Every so often a surprise.

“My dad wants to know if you’ll come over and pick up his wallet,” Sue said.

“Over,” in this case, was the hospital, where John landed recently for a couple of days. He survived. He’s too stubborn not to have survived. Pioneer stock doesn’t quit easy.

The “surprise” part was that he wanted me to take possession of his wallet while he was laid up, if only for a night.

I understand he wanted me to deliver it to Bev, my mother-in-law (I was closer to the hospital than she), but men are funny about their wallets.

They always know where their wallet is, and near is better. If they don’t know, they want to know. If they don’t want to know, check their pulse and see if they’re still alive.

If their wallet isn’t where they think it is, it’s reason for concern. Want to see a grown man run around a house like a chicken with his head cut off? Have him misplace his wallet. He’ll do laps until he finds it.

Men are proprietary about their wallets. When we were kids and asked Dad for lunch money, he’d say, “Bring me my wallet."

“Bring me my wallet” did not mean look in my wallet; it meant "Fetch my wallet and I’ll open my wallet and remove the appropriate denomination.”

Rifling through another man’s wallet is taboo. That’s trespassing on his personal money.

“Sure, I’ll get your dad’s wallet,” I said to Sue, jumping at the chance.

He must have been hurting. Men don’t surrender their wallets to other men. Especially sons-in-law.

Sons-in-laws are pesky. They ask questions like: “I wonder how much the old man has in his wallet? You can learn a lot about a man when you know how much he’s packing.

Men are two ways about carrying money. Some prepare for emergencies. Others pray that emergencies don’t happen, go light and have a couple of singles. John was the first, his son-in-law, the second.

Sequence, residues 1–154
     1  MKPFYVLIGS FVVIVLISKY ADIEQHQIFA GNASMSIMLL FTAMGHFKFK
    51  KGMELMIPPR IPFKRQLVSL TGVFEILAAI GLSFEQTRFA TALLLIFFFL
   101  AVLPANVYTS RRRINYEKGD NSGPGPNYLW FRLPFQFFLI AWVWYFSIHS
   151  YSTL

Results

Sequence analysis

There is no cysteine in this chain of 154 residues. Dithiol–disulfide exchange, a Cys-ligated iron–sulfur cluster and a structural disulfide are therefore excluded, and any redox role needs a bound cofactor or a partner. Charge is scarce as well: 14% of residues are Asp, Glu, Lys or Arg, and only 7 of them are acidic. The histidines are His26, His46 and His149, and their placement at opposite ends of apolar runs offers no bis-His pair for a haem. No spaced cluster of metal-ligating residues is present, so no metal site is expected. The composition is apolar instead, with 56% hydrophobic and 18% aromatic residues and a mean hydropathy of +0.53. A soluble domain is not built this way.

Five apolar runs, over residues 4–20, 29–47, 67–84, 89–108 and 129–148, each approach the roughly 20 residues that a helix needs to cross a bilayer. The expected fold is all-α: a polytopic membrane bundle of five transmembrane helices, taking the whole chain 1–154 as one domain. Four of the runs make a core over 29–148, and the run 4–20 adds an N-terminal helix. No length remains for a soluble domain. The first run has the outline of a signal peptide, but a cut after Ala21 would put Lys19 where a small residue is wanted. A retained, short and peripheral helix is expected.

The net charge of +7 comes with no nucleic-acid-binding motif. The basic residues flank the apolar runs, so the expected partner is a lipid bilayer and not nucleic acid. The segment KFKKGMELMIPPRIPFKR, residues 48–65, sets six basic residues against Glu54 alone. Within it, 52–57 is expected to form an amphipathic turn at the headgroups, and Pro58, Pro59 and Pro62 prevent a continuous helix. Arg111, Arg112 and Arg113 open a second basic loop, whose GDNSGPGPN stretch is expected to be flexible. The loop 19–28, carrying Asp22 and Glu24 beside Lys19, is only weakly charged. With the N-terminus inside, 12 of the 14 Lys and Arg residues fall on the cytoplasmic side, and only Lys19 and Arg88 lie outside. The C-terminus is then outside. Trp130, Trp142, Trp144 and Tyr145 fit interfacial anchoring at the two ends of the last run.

I drove to the hospital, signed in and walked to his room.

John was propped up in bed. He was alive. That was good because that meant soon I’d have possession of his wallet. That was like capturing his spirit body or, in the Old West, his horse.

He handed me the wallet. It was worn, thick and black. A perfect man wallet.

I felt superior. He was in bed and I had his wallet. I had him where I wanted him.

Better be nice to me. I have your money. Who knows where I’m going from here. The next time you see me, I may have a mustache and a blue Corvette.

What if you go into a coma? Don’t wake up for 10 years. The problem was, when he did, he’d know how much he had in the wallet to the decimal point.

“You know I usually charge a rental fee for keeping a man’s wallet,” I said. “This may cost you $20.”

He didn’t think it was as funny as I did. Maybe I overshot with the $20 and should have tried $10.

I could see he was torn. On the one hand he wanted me to keep his wallet. On the other, I was his son-in-law and the last thing in the world you want to do or should do, is give your son in-law your wallet.

We said goodbye and I went home. I never opened the wallet — it felt like breaking and entering — although I hoped he was worrying that I would take a peek.

John’s not dumb. He called the next day and said, Bev would be over to fetch the wallet. A night away from family is one thing, but for a man, one night away from his wallet is one night too many.

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